Wnt10b deficiency promotes coexpression of myogenic and adipogenic programs in myoblasts

Anthony M. Vertino, Jane M. Taylor-Jones, Kenneth A. Longo, Edward D. Bearden, Timothy F. Lane, Robert E. McGehee, Ormond A. MacDougald, Charlotte A. Peterson*

*Corresponding author for this work

Research output: Contribution to journalArticlepeer-review

121 Scopus citations


Adult myoblasts retain plasticity in developmental potential and can be induced to undergo myogenic, adipogenic, or osteoblastogenic differentiation in vitro. In this report, we show that the balance between myogenic and adipogenic potential in myoblasts is controlled by Wnt signaling. Furthermore, this balance is altered during aging such that aspects of both differentiation programs are coexpressed in myoblasts due to decreased Wnt10b abundance. Mimicking Wnt signaling in aged myoblasts through inhibition of glycogen synthase kinase or through overexpression of Wnt10b resulted in inhibition of adipogenic gene expression and sustained or enhanced myogenic differentiation. On the other hand, myoblasts isolated from Wnt10b null mice showed increased adipogenic potential, likely contributing to excessive lipid accumulation in actively regenerating myofibers in vivo in Wnt10b-/- mice. Whereas Wnt10b deficiency contributed to increased adipogenic potential in myoblasts, the augmented myogenic differentiation potential observed is likely the result of a compensatory increase in Wnt7b during differentiation of Wnt10b-/- myoblasts. No such compensation was apparent in aged myoblasts and in fact, both Wnt5b and Wnt10b were down-regulated. Thus, alteration in Wnt signaling in myoblasts with age may contribute to impaired muscle regenerative capacity and to increased muscle adiposity, both characteristic of aged muscle.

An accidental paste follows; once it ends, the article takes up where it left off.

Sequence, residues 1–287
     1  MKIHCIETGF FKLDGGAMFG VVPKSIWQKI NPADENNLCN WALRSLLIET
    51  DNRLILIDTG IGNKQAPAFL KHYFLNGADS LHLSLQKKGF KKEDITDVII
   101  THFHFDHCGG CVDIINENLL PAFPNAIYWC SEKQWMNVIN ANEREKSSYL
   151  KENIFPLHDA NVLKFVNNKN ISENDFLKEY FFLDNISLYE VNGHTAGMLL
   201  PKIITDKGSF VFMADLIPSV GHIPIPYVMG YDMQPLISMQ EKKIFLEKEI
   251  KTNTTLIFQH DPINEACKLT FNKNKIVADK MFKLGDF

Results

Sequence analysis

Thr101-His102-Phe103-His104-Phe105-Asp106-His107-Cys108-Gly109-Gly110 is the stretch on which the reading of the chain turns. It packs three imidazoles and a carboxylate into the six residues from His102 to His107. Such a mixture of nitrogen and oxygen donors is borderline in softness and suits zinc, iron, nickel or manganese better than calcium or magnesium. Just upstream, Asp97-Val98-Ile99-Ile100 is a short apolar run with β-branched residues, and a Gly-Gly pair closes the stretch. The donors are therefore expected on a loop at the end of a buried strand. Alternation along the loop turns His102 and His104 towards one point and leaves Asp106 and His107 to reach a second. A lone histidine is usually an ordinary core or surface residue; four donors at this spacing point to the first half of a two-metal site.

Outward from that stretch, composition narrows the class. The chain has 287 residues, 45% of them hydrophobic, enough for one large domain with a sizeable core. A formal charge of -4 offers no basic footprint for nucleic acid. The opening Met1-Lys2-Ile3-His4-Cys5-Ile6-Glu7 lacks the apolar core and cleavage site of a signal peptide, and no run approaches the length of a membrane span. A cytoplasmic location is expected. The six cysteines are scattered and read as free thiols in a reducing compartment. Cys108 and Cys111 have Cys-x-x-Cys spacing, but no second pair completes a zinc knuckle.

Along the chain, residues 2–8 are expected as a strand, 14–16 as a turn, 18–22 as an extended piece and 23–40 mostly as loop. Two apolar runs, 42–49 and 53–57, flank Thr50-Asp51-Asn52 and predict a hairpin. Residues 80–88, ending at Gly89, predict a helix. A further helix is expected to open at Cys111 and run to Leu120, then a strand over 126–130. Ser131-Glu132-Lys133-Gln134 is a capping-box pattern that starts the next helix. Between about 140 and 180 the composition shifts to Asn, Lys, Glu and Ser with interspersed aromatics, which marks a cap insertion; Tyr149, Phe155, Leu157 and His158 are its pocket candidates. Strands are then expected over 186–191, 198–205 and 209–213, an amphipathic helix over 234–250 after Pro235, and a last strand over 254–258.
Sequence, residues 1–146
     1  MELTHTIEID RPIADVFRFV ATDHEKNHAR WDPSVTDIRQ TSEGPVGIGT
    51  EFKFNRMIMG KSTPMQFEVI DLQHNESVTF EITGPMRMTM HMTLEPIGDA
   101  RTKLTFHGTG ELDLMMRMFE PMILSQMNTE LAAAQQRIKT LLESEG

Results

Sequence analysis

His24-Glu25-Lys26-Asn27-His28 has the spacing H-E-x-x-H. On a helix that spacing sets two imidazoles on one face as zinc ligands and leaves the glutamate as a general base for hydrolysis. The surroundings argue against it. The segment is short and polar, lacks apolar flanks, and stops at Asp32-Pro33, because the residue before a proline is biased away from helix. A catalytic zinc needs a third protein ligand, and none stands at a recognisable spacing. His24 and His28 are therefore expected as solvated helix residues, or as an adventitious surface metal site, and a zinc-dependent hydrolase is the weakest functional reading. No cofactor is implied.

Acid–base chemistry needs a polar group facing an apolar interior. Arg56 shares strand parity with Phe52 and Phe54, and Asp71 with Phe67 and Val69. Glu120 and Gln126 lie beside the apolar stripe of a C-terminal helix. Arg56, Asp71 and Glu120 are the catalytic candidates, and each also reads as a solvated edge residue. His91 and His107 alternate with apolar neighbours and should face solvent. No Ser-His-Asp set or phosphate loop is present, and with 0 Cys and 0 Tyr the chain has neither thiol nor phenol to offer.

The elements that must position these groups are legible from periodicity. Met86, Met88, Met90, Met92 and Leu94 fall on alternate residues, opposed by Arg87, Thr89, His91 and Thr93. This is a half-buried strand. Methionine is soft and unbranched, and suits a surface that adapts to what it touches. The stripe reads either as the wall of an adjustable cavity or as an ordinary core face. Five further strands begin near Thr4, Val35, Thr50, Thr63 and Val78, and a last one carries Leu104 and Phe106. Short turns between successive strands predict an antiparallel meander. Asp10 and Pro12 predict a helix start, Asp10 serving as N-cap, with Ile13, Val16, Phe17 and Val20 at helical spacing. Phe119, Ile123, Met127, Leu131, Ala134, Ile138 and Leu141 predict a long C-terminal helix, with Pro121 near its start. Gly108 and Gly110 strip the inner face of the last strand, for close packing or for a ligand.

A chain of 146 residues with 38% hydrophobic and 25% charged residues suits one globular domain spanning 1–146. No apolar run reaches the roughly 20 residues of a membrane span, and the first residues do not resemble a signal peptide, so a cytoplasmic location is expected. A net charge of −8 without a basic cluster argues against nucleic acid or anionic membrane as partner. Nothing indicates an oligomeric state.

Original languageEnglish (US)
Pages (from-to)2039-2048
Number of pages10
JournalMolecular biology of the cell
Issue number4
StatePublished - Apr 2005

ASJC Scopus subject areas

  • Molecular Biology
  • Cell Biology


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